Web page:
The Jalakanteswarar Temple stands in the northern area of the massive Vellore Fort. The ground level of the Fort has actually risen by more than nine feet, and the original level of the Temple was much lower than it is today. This is all rather complicated, but the effect of the difference in levels was that the original drainage system was covered up by earth that was added later, and without proper drainage, during the rainy seasons, water accumulated inside the temple, causing damage to the structure. When the Archeological Survey of India undertook the systematic excavation supervised by S.K. Sheshadri, they uncovered the original ground level and restored the drainage system to proper working condition.

 

Beautiful early structures and shrines were discovered that had lain covered in mud for centuries, along with a lovely square tank (pool) reached by descending steps, to the east of one of the wedding halls, and also a ring well in the inner courtyard of the temple.

 

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The temple complex covers two acres. The main gopuram is rectangular, with the base constructed of granite blocks. Near the top of the tower are sculptured yalis, who are mythical lions.

 

Beyond a second gopuram lies an inner courtyard. There are traces of paintings on the ceilings of both gopurams.

 

In front of the shrine to Akilanteswari, are located nine burning oil lamps for the nine planets. Akilanteswari is one of the major forms of the Goddess Parvati.

 

There are two large wedding halls for the sacred marriage of Lord Shiva, as Jalakanteswarar, and the Goddess Parvati, as Akilanteswari, which takes place anew every year.

 

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The Nataraja Shrine is a pillared hall, containing beautifully carved sculptures of the ten incarnations of Vishnu – although this is a Shiva temple, not a Vishnu temple. (Nataraja is the dancing form of Shiva.) It is thought that the temple was originally dedicated to the worship of both Vishnu and Shiva, and that this shrine within the temple may have earlier enshrined Ranganatha, or Narayana, the God who rests on the divine serpent Adi Shesha, while drifting on the cosmic ocean. There is also a double set of kitchens indicating that the temple was for the worship of both Gods, as is the case for the Chidambaram Temple, further south near the coast of the Bay of Bengal.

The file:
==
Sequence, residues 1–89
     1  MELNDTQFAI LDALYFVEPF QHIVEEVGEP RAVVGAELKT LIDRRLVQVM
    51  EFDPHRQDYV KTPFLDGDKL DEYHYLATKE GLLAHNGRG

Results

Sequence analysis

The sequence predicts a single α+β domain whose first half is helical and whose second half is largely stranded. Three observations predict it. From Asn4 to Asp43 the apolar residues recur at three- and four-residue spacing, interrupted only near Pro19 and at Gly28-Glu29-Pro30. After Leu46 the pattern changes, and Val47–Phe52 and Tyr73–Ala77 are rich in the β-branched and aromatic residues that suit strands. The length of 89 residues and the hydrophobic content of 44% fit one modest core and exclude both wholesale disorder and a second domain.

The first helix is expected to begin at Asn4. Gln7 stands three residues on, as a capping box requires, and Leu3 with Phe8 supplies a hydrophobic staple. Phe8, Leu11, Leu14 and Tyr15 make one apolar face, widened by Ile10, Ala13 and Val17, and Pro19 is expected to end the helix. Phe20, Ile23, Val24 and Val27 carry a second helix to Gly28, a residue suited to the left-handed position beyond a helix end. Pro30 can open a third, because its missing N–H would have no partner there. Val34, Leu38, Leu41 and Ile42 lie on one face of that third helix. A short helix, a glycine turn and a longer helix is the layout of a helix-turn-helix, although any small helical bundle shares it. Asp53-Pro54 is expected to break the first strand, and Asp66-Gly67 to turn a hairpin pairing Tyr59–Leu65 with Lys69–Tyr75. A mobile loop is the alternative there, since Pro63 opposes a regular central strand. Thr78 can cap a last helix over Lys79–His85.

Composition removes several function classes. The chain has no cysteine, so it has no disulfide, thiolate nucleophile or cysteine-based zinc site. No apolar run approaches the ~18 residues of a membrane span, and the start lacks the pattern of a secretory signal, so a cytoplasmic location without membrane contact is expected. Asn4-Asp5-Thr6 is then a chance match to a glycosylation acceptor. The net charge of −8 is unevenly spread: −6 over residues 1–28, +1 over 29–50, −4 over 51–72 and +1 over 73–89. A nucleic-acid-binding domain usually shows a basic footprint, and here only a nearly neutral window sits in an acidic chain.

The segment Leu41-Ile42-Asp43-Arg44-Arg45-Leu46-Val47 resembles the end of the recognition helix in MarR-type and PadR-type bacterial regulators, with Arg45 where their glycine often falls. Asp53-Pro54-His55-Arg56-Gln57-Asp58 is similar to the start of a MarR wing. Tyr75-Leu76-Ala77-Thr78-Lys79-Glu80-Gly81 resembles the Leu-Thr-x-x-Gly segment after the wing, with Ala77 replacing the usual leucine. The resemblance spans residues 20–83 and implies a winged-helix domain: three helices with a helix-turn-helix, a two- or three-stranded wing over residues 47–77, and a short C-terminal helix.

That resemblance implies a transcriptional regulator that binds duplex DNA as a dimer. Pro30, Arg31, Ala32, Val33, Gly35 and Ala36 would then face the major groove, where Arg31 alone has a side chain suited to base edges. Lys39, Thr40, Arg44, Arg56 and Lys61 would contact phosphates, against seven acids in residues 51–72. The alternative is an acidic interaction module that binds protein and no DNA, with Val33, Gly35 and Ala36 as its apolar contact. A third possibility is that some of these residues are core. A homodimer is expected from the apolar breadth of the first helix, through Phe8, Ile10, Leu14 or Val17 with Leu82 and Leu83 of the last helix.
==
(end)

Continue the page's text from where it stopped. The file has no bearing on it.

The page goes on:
With its intricately carved, graceful sculptures, and its lovely architectural forms and shapes, the Jalakanteswarar Temple transports one gently into the magical presence of the eternal and the sacred.

 

 Photos: Nanditha Krishna

 

 

 

 

 

 

 

Anumanthaikuppam – the power of transformation

At the end of 2004, the Asian Tsunami brought horrible destruction to the Indian village of Anumanthaikuppam, in Tamil Nadu.  Many of the children who were playing on the beach that day watched their playmates being swept out to sea. They were severely traumatized.